FOXBOROUGH, Mass. Mystery surrounds the condition of Tom Brady's right foot like a protective boot.
After limping while wearing the footwear in New York on Monday, the Patriots star wasn't seen or heard during the time on Thursday and Friday when reporters and photographers had access to the players in the locker room and at practice.
The club isn't shedding any light on the issue despite coach Bill Belichick's statement that it would.
When asked at his news conference Friday if he could say whether Brady would practice later in the day, Belichick said: "Not now. We'll see. Let you know after practice, or does everybody have a deadline before then?"
But the team never announced if the NFL MVP was at practice. New England vice president of media relations Stacey James said Friday night he had no update.
During the week before a game, teams are required to issue reports on Wednesdays and Thursdays listing the players who missed practice or were limited in their participation. On Fridays, they must report players as probable, questionable, doubtful or out of the next game.
Because the Super Bowl against the New York Giants won't be played until a week from Sunday, the first report isn't due until Wednesday.
Brady reportedly has a minor high ankle sprain, according to the Boston Globe and Boston Herald.
The team has given no indication of the nature of the injury to the right foot, which Brady plants when he throws a pass. It's an encouraging sign, though, that Brady wasn't seen wearing the boot by reporters and photographers since Monday.
He wasn't in the locker room for the 45-minute access period the past two days. Nor was he spotted during the first 15 minutes of practice on Thursday and the first 12 on Friday when the media were allowed to observe.
ESPN analyst Ron Jaworski, who reviews game tapes, said he believed Brady was hurt late in the first quarter and again early in the third of New England's 21-12 win over San Diego in the AFC championship game last Sunday. Brady threw a season-high three interceptions in the game.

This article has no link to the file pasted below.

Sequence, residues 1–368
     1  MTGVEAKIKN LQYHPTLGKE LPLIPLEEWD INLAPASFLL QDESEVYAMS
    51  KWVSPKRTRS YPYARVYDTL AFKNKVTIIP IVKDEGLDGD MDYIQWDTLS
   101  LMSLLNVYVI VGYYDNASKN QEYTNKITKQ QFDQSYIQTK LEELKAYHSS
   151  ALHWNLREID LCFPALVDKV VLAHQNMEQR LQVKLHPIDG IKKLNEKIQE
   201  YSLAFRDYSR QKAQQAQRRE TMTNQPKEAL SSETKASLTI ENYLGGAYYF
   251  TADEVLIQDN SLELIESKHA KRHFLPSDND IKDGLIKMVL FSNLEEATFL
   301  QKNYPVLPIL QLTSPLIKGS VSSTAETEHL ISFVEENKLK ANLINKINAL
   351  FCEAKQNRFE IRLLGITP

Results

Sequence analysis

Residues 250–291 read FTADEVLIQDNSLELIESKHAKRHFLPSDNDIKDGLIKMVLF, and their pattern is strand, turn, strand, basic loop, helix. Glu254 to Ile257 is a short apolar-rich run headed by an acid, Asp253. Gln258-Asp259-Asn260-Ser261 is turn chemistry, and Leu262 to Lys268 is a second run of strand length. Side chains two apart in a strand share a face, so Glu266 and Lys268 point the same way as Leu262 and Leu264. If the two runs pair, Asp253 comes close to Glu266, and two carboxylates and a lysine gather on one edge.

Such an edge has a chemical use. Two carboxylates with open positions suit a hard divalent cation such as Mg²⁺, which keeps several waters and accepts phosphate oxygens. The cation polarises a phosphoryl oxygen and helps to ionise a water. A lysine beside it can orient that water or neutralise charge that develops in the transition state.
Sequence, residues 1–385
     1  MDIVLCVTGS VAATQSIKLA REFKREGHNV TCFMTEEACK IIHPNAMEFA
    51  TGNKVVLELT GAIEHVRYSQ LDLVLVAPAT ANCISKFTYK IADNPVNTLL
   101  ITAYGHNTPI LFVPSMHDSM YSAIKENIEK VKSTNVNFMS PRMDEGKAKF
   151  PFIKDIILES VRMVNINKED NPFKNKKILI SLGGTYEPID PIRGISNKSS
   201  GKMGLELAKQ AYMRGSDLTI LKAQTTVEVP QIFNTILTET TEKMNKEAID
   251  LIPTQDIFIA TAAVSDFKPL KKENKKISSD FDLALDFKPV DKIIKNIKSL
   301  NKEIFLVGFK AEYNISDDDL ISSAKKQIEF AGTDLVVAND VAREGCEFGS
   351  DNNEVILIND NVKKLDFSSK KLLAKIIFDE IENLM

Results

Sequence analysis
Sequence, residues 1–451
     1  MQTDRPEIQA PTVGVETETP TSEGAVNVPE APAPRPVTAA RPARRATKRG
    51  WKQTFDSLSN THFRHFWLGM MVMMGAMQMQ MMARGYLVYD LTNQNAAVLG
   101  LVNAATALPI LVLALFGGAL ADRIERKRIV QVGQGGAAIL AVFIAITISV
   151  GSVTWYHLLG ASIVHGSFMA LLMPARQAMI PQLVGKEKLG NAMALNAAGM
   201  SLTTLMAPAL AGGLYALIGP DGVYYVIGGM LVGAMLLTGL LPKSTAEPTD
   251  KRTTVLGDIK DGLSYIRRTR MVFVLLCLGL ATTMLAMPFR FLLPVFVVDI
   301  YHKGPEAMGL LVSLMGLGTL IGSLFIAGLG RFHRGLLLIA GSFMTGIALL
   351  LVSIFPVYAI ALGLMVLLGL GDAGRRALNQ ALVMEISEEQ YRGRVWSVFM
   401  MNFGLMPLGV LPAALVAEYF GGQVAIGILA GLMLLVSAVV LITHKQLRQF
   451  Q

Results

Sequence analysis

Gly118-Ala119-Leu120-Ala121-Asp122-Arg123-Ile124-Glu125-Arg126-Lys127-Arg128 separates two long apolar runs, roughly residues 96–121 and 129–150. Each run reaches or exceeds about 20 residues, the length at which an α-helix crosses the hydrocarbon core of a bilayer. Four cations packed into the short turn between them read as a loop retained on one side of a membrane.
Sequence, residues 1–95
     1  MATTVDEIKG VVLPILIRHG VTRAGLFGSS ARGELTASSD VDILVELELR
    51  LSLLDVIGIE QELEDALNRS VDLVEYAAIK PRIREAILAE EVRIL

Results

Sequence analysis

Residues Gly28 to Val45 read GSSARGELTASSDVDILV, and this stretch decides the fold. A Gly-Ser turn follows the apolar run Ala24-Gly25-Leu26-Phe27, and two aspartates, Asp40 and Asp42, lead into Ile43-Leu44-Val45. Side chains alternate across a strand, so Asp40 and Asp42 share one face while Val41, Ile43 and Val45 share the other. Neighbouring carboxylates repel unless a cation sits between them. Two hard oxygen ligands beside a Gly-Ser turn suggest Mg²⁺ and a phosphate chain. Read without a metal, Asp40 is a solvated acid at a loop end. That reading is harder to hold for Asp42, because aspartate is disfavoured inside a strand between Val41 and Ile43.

Recovery times from high ankle sprains vary.
Pittsburgh Penguins star Sidney Crosby learned Tuesday, the day after Brady was photographed with the boot, that he would miss 6-to-8 weeks with the injury. Jacksonville quarterback David Garrard sustained the injury last Oct. 22 and didn't play again until four weeks later.
New York Jets quarterback Chad Pennington sprained his right ankle in the season opener against the Patriots and returned two weeks later.
Dr. Steven Weinfeld, chief of foot and ankle surgery at New York's Mount Sinai Medical Center, said the recovery time is generally longer for a high ankle sprain than a lower one, the Hartford Courant reported.
"I think they'd be more worried if the game was this week," Weinfeld, who isn't treating Brady, told the newspaper. "I think it's nice that he's got almost two weeks to recover from whatever the injury was. But if it's really a high ankle sprain, those things take up to three or four months to resolve.
"Two weeks is better than one week, but I think there's a chance that he might not be at the top of his game come Feb. 3."
Two of Brady's wide receivers joked about filling in for him.
"Bill actually brought me in his office earlier this morning and asked me if I wanted to move to quarterback, and we're going to put in a whole new offense," Donte' Stallworth said. "He wants me to run the option."
Not quite, according to Wes Welker.
"Well, actually, Coach pulled me into the office and told me I was going to be the quarterback, so I don't know where he's hearing that from," Welker said of Stallworth. "I think he kind of overheard our conversation."
But no serious information about the injury was released.
At Belichick's news conference, James said, "final question" as the coach was asked to compare the current trip to the Super Bowl to the other three the team has played in.
Belichick often accepts additional questions after James' routine announcement, and a reporter offered one.
He asked if Belichick could say what Brady did or didn't do on Thursday, the Patriots' first day of practice after a three-day break.
"Was that the last question?" Belichick said of the previous one, smiling as he turned toward James.
"That was the last question," James replied.
With that, Belichick walked from the podium and out of the room, leaving a mystery in his wake.